John and Jane Smith had six children together—Electra Burnette Smith, Erastus C. Smith, Eunice Alvira Smith, Martha Jane Smith, Minerva Smith, and John Milton Smith. Electra was born in Armstrong County on February 11, 1841; Erastus was born in Allegheny County (possibly Pittsburgh), Pennsylvania on October 11, 1842; Eunice was born in Armstrong County on September 19, 1844; and Martha was born in Apollo on October 3, 1846. As the family grew, John and Jane became active in the Apollo community. Page 25 of Henry’s book notes “The voters were commanded to meet in the house of John Smith and elect a burgess and five councilmen. Robert McKissen and Wm. McCullough were appointed to publish and superintend the election, to be held May 3, 1848. At this election Robert McKissen was elected burgess and Wm. Nichols, Wm. Miller, George C. Bovard, John T. Smith, John Elwood and David Risher, town councilmen.”

From Apollo's anniversary celebration Quasqui Centennial program

Henry’s book also states “For many years the election was regularly held at the home of J. T. Smith and Mrs. Smith always served a turkey dinner to the board.”

John’s youngest daughter Minerva was born in Apollo on May 21, 1849. Just before her first birthday, Minerva contracted cholera and died on May 17, 1850. She was buried at Riverview Cemetery in Apollo.

John was one of six men elected to the first board of school directors in 1850. Late that same year, the census enumerator found him and his family still living in Apollo on November 7, 1850. The children ranged in age from nine to four. Two of Jane’s children from her first marriage lived in the home—Margaret McIlwain, age 20, and John McIlwain, age 14. There was also a 26-year-old male with the last name Chambers living in the home. I can’t read the census enumerator’s handwriting to tell what his first name was. John was an innkeeper with real estate valued at $2,000. Jane gave birth to their sixth and last child, John Milton Smith, in Apollo on February 27, 1851.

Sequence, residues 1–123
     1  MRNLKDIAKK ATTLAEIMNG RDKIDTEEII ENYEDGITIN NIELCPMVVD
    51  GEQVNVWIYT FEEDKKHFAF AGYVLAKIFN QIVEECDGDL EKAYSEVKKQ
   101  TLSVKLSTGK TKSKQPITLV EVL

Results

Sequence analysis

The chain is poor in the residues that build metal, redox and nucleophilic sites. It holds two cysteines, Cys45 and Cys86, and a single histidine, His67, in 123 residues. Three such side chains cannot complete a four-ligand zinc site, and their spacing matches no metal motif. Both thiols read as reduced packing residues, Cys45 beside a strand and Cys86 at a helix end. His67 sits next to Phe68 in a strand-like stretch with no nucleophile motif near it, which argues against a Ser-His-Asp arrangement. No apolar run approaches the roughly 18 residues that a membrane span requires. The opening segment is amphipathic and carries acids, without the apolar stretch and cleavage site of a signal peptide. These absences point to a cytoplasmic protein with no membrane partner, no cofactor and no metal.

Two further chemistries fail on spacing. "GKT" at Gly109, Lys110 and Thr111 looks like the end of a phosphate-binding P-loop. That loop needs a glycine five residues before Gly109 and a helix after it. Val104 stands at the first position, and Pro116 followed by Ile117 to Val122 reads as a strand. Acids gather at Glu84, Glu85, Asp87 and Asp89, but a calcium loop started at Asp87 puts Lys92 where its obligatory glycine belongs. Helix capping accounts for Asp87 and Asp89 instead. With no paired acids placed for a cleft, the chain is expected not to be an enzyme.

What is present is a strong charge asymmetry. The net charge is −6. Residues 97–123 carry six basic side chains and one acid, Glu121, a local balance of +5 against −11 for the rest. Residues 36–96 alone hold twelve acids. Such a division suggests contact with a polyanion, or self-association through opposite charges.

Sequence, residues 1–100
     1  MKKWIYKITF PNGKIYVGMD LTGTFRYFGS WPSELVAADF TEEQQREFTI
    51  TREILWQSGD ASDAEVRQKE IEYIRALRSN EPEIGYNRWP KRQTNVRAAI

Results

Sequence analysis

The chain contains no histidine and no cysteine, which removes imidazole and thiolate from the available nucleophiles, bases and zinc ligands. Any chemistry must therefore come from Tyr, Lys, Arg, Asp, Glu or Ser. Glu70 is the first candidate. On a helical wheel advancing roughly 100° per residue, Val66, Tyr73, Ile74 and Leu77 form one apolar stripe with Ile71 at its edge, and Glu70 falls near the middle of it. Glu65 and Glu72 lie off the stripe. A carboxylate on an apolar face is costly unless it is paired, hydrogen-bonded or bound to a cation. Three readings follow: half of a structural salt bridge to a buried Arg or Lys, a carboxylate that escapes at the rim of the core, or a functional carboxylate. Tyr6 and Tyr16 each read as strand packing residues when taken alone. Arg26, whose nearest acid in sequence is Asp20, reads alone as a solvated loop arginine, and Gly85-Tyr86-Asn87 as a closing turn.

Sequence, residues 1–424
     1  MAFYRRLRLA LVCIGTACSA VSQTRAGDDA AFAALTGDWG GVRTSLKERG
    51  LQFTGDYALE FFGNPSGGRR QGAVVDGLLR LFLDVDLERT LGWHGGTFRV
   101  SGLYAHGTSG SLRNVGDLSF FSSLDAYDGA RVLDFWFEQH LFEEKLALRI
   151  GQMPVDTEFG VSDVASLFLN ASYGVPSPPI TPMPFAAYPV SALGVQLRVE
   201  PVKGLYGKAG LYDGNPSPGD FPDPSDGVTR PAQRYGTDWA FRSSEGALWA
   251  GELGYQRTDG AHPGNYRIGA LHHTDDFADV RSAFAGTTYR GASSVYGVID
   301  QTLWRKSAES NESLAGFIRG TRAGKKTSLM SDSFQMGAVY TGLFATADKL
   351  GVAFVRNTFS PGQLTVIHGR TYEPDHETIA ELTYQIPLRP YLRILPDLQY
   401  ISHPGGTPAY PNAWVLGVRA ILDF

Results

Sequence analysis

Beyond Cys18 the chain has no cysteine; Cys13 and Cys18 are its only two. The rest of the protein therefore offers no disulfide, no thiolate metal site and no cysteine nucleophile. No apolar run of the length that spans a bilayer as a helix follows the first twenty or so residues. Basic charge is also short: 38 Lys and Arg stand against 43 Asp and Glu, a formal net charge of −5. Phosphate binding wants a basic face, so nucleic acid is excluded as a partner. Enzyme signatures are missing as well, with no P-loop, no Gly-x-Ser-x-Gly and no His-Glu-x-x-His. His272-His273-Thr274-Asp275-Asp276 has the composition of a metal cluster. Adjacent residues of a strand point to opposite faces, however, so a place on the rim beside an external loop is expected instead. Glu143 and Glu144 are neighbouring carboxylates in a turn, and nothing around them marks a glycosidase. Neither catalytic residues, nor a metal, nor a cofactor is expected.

1850 Apollo, Armstrong County, Pennsylvania census for the John T. Smith family

John and his family were apparently members of the First Presbyterian Church in Apollo. The church baptismal record shows that James Xenophon McIlwain was baptized as an adult in April 1858, Electra Smith was baptized as an adult and Eunice, Martha, and John were baptized there as children on October 11, 1858.

First Presbyterian Church of Apollo baptism record listing
Eunice, Martha, and John Milton Smith

First Presbyterian Church in Apollo

On July 5, 1860, John and his family were still living in Apollo, running the inn. Both John and Jane were enumerated as an innkeeper. There had been no change to the value of their real estate, still recorded as $2,000. John had a personal estate valued at $500. Electra and Erastus were both enumerated as “labourer,” so perhaps they were both working at the inn as well, although Erastus was still attending school. The other three children were attending school.

1860 Apollo, Armstrong County, Pennsylvania census for the John T. Smith family

John was a postmaster for Apollo at one point, running the post office from his tavern. When Apollo celebrated its Quasqui Centennial from June 29 to July 4, 1941, John was included on page 24 of the souvenir program where it noted his part in Apollo’s first election. Page 41 of the program notes him as an Apollo “First”—the first tailor.

John died in Apollo on March 11, 1864. He was buried at Riverview Cemetery in Apollo. Jane outlived both of her husbands so must have buried them side by side and then she was buried with them when she died in 1877. The tombstone is a marker for all three.

John’s will was held in bond by Alexander Gordon, James Guthrie, and William Miller in the sum of $1,500 on April 5, 1864. Alexander was the administrator of John’s goods, chattels, and credits.

John’s name carried on for several generations. His son John Milton Smith named one of his sons John Thompson Smith. John Milton Smith’s daughter, Bertha Smith Athya, named one of her sons John Thompson Athya.